Best 3 inkjet papers for color prints and paper crafting

Best 3 inkjet papers for color prints when paper crafting

Finding an inkjet friendly, high quality white cardstock for printing is challenging. These are my three top picks: Springhill White Cardstock Paper, Epson Premium Presentation Paper Matte and Accent Opaque 120lb coverstock. Each paper has its strengths depending on your project type and budget. After using a wide variety of printer cardstocks, I find these papers are the best 3 inkjet papers for color prints. I keep them stocked in my studio at all times.

I am continually testing papers for my own paper crafting projects as well as referring printable cardstock options to my customers. As the owner of Baer Design Studio, I design and sell digital artwork which gets downloaded and my customers print at home. Printing digital artwork at home can be intimidating, so I try to make this an easy and enjoyable experience for all.

I tested and compared these 3 papers and tried them on multiple projects so it can help you decide which inkjet friendly paper works best for your project. For my testing, I used my Epson 1480 printer because I find it gives the best quality print consistently. I printed the same digital paper background on all three papers. I used the 8.5×11 white sheets in all three brands. I adjusted my paper settings to the highest dpi (or best photo). If you need more direction on printing at home, I wrote an article specifically for that reason.

Baer Design Studio digital paper pack #92420


  • 48lb
  • 179 gsm
  • 50 sheets/$14.00/8.5×11
  • bright white- resists fade for 72 years

This is the inkjet paper I recommend for most of my projects. I love the velvety smooth texture, it photographs beautifully and is my number one paper to print photos for my printable party decor. I recommend this paper for printing my party favor tags, party banners, invitations, signs, double-sided cards and scrapbook papers. Printing a solid black image can be difficult . So when printing an image with a lot of black, this is my top pick. The butterfly paper and the graduation tag shown were both printed using this paper. The paper does not bleed and dries quickly so smudging is not an issue.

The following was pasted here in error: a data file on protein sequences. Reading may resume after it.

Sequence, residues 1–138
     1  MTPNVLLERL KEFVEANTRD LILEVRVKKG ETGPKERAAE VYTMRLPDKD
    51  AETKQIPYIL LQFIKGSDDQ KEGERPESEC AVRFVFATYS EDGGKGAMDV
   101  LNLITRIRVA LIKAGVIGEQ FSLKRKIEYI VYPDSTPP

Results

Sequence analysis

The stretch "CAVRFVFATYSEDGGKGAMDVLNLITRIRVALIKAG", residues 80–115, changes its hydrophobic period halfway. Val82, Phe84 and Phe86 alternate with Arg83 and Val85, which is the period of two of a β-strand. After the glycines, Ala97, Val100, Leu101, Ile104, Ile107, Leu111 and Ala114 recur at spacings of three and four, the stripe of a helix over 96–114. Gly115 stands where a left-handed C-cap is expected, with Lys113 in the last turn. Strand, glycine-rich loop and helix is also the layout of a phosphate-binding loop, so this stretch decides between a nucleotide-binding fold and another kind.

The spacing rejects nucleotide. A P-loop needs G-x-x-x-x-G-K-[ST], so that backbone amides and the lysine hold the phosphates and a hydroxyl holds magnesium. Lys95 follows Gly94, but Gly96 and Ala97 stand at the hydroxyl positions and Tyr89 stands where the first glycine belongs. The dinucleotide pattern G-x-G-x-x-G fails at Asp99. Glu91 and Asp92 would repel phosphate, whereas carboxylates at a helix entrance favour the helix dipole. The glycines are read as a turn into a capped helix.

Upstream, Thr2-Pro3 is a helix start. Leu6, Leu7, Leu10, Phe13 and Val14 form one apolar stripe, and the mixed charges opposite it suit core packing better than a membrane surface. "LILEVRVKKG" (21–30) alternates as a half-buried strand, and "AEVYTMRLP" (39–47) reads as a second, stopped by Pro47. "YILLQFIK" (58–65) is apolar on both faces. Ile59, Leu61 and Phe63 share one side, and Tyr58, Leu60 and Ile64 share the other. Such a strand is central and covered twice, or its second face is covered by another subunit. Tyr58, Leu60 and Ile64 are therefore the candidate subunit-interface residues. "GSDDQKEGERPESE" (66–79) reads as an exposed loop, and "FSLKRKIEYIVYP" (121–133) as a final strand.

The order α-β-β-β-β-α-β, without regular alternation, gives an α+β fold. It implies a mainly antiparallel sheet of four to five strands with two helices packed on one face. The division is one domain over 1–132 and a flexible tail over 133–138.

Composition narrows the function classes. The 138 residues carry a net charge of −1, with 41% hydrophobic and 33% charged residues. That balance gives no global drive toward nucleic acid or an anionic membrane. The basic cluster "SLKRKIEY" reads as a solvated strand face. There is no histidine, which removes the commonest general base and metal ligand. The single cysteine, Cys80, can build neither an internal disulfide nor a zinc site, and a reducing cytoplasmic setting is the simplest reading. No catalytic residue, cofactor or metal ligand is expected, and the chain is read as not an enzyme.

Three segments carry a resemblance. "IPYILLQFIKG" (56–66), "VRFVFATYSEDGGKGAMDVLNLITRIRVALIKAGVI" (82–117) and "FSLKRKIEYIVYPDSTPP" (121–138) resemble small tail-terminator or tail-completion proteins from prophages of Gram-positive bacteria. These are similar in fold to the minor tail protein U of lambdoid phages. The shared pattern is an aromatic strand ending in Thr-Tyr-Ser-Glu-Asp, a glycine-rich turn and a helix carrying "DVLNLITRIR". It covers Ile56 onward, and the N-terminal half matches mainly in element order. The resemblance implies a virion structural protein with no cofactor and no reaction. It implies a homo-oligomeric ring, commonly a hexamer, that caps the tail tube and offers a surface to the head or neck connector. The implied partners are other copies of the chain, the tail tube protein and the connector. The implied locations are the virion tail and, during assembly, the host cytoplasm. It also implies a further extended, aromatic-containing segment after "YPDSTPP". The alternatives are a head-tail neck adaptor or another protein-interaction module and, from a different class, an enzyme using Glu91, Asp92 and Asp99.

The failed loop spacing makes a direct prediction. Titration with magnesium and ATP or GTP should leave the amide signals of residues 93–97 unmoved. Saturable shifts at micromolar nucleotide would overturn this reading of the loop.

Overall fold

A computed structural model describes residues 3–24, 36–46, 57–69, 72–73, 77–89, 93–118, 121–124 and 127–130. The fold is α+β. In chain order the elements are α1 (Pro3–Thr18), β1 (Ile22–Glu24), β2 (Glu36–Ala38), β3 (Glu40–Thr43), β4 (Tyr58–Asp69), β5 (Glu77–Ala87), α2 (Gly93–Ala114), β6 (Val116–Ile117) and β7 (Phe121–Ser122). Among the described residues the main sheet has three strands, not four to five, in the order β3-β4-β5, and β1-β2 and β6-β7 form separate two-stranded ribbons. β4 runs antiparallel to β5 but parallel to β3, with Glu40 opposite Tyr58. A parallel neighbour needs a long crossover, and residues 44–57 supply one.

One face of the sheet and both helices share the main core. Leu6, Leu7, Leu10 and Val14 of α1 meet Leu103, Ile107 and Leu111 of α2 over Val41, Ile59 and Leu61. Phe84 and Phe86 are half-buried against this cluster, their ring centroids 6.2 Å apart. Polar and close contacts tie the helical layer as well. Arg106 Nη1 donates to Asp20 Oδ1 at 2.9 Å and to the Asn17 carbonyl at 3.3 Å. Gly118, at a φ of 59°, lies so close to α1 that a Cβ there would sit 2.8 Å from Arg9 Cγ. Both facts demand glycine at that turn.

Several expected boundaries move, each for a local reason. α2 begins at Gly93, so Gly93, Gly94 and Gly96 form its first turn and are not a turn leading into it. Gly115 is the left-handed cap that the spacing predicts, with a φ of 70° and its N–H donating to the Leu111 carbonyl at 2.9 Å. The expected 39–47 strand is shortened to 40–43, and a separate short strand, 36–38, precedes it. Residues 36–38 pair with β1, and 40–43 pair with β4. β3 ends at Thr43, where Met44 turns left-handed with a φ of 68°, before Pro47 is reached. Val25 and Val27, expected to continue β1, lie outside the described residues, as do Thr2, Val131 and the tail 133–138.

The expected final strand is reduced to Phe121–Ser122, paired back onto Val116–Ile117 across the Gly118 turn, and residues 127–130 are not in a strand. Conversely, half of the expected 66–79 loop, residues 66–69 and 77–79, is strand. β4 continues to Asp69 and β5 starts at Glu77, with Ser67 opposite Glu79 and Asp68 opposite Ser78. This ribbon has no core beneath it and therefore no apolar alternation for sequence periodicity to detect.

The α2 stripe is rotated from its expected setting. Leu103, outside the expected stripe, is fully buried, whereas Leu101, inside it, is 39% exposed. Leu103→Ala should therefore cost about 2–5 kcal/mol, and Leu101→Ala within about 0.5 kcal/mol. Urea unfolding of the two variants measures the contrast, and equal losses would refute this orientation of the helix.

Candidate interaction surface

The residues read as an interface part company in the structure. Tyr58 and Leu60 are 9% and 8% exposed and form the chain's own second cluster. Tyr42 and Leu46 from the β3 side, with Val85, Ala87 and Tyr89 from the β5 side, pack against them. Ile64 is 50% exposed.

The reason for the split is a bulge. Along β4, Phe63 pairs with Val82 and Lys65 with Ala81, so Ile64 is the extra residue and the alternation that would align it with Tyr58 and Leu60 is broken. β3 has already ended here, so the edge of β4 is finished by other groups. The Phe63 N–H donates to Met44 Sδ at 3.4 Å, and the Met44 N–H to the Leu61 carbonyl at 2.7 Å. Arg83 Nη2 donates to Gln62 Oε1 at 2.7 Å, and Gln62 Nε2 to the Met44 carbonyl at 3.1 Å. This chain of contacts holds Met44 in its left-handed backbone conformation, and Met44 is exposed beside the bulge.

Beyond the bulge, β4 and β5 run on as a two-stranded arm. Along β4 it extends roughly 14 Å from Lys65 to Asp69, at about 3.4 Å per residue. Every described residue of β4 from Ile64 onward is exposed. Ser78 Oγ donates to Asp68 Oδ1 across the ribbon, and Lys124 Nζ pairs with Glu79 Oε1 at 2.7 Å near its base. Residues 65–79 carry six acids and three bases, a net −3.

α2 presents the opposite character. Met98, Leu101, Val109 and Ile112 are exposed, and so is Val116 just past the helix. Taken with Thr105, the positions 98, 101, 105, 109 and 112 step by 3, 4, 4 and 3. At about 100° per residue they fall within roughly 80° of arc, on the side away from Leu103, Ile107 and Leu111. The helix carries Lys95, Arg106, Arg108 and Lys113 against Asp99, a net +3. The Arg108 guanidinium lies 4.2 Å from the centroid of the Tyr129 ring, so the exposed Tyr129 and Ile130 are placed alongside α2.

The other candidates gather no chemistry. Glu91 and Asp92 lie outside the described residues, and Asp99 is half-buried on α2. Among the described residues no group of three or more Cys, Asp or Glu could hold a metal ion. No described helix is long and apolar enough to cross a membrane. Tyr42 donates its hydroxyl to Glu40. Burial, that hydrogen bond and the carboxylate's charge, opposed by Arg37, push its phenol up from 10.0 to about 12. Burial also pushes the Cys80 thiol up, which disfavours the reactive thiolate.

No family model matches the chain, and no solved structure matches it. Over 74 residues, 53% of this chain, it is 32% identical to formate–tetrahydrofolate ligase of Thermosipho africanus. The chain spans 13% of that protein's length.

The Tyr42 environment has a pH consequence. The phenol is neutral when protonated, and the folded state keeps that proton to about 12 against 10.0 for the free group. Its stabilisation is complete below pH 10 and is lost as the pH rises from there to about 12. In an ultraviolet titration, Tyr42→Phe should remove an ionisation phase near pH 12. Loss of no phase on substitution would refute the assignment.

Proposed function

The downside is that it can be a bit more costly, and I wish it were heavier than 179 gsm. At times, when I use this paper, I print out my images and then adhere the print to a heavier cardstock especially when I am making a party banner, cards and posters.

It is important to mention that this paper comes in a 50 paper pack and a 100 paper pack. The 50 paper pack is heavier and the one I used for this article.


  • 110lb index (this is NOT a 110lb coverstock)
  • 199 gsm
  • 250 sheets/$13.99/8.5×11 inches
  • 92 bright cardstock

This is a great recommendation for card makers, diy party invites, party printables, scrapbook papers, paper product photography, classroom projects, for those using electronic cutting machines and is budget friendly.

In the Springhill white cardstock product reviews, I noticed that some people confused 110lb index with 110lb coverstock and were disappointed. The term paperweight, and number corresponding with each weight, refers to the thickness and sturdiness of the paper, not the actual weight of the sheet. This is a common error, so I prefer to use gsm to help me identify the thickness of the paper I need for a project.

When I printed the images, I found that the final result is very close to the Epson paper I mentioned earlier. However, photos are not as vibrant and the black is a bit duller, so for those uses I would go with the Epson paper. Springhill index paper is a bit heavier than the Epson paper which can be better for cards, postcards, scoring and for using on electronic cutting machines.

When I am just printing out cards (without photos), printing signs, making envelopes or printing images with a lot of white space, this is my top pick. It is so much cheaper than the Epson paper, so if I make a printing mistake, it is not a big deal.

When you hold this paper up to the light, you see a subtle paper texture – sort of a recycled paper look. You can notice it a bit on the turquoise paper example photo. This did not effect my printing, but I do want to bring attention to it, since it is something that is difficult to see unless you are looking at the physical paper.


  • 120lb cover
  • 325 gsm
  • 150 sheets/19.99/8.5×11

A VERY THICK 325 gsm is the reason I use this paper! I love this inkjet friendly coverstock so much that I wrote up it’s own product review. This is VERY thick cardstock so it works great for signs, cards, invitations, banners, printable tags, postcards and electronic cutting machines (set at the highest cutting level).

The final print comes out a tad bit duller than the other two papers when printing a full coverage image. I looks beautiful when there is more white space in the image.

Do not try folding this paper unless you scored it first. Depending on the image you are trying to print, I have experienced some bleeding. This paper takes a few extra seconds to dry.

Cheers, Brigitte Baer of Baer Design Studio

Baer Design Studio is part of the Amazon affiliate program and receives financial compensation. Baer Design Studio only recommends products that are tried, true and loved!

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